OOS 31-8
The functional importance of genetic diversity in plants and soils

Tuesday, August 11, 2015: 4:00 PM
336, Baltimore Convention Center
Jennifer Schweitzer, Ecology and Evolutionary Biology, University of Tennessee, Knoxville, TN
Michael E. Van Nuland, Ecology and Evolutionary Biology, University of Tennessee, Knoxville, TN
Ian M. Ware, Ecology and Evolutionary Biology, University of Tennessee, Knoxville, TN
Joseph K. Bailey, Ecology and Evolutionary Biology, The University of Tennessee, Knoxville, Knoxville, TN

Soils and underlying parent material can determine the distribution, population genetic structure and evolution of plant species at large scales. Simultaneously, plants can influence soil abiotic and biotic properties that feed back to impact plant diversity and succession, persistence of invasive species and soil fertility. Importantly, many of these feedbacks are mediated by components of the soil biota – positive feedbacks are often mediated by facilitation with mycorrhizal fungi and negative feedbacks are mediated by soil pathogens. Whether directly or indirectly, plant functional traits can create conditions that affect soil communities (i.e. their composition or activity) or processes that soil communities at least partly regulate (i.e. nutrient depolymerization or mineralization processes).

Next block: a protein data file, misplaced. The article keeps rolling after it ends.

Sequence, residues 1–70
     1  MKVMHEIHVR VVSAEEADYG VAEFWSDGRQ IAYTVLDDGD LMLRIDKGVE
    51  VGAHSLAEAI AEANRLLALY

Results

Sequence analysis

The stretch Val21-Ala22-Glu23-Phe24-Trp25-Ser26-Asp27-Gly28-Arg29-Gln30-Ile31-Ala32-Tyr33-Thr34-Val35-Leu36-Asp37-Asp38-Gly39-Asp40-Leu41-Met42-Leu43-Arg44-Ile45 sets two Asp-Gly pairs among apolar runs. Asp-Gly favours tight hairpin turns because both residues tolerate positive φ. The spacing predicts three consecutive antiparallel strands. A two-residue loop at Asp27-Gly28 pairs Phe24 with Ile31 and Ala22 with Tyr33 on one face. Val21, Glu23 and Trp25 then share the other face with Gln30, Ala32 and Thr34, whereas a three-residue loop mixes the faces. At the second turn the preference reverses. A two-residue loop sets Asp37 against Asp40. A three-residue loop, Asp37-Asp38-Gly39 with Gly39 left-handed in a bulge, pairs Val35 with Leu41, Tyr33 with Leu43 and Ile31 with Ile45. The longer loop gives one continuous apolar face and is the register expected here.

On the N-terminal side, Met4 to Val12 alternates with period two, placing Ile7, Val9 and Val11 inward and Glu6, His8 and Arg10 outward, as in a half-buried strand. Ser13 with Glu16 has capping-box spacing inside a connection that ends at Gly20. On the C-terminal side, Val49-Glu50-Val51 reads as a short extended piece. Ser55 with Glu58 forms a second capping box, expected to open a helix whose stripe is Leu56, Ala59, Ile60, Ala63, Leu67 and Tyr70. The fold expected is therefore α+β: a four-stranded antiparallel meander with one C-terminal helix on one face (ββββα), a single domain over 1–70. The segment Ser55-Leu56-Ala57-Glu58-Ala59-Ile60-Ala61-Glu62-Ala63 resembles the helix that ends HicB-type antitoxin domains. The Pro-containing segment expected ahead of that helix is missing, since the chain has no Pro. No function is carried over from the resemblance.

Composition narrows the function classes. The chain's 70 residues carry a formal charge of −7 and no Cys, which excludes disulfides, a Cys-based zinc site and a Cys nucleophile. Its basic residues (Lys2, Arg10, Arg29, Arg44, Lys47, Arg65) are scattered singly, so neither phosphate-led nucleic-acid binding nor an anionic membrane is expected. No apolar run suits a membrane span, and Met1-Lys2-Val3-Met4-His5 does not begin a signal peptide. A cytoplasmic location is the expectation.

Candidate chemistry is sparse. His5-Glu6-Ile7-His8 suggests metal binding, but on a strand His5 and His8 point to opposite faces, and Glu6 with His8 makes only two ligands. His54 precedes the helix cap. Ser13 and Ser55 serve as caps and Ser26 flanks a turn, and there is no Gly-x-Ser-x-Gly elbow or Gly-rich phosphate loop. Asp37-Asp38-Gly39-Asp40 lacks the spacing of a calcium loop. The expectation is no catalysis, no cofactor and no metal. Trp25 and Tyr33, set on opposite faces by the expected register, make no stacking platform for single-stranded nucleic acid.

More than 10 years of research on the genetic basis to plant-soil linkages across taxa demonstrate that genetic variation in functional plant traits can influence the diversity of soil communities and ecosystem processes such as leaf litter decomposition and nutrient cycling at multiple genetic scales – from genotypes to phylogenies. Soil communities and plant-soil feedback (defined as the positive or negative effects of previous plant influences or "conditioning" on soils that affect the fitness of plant offspring) can act as a selective force influencing plant genetic variation and evolution. This research expands the theoretical understanding of the importance of PSF in evolutionary ecology by providing empirical tests of recent model results, greatly enhances our understanding of the role of diverse soil biota and broadens our understanding of geographic mosaic of evolution across environments.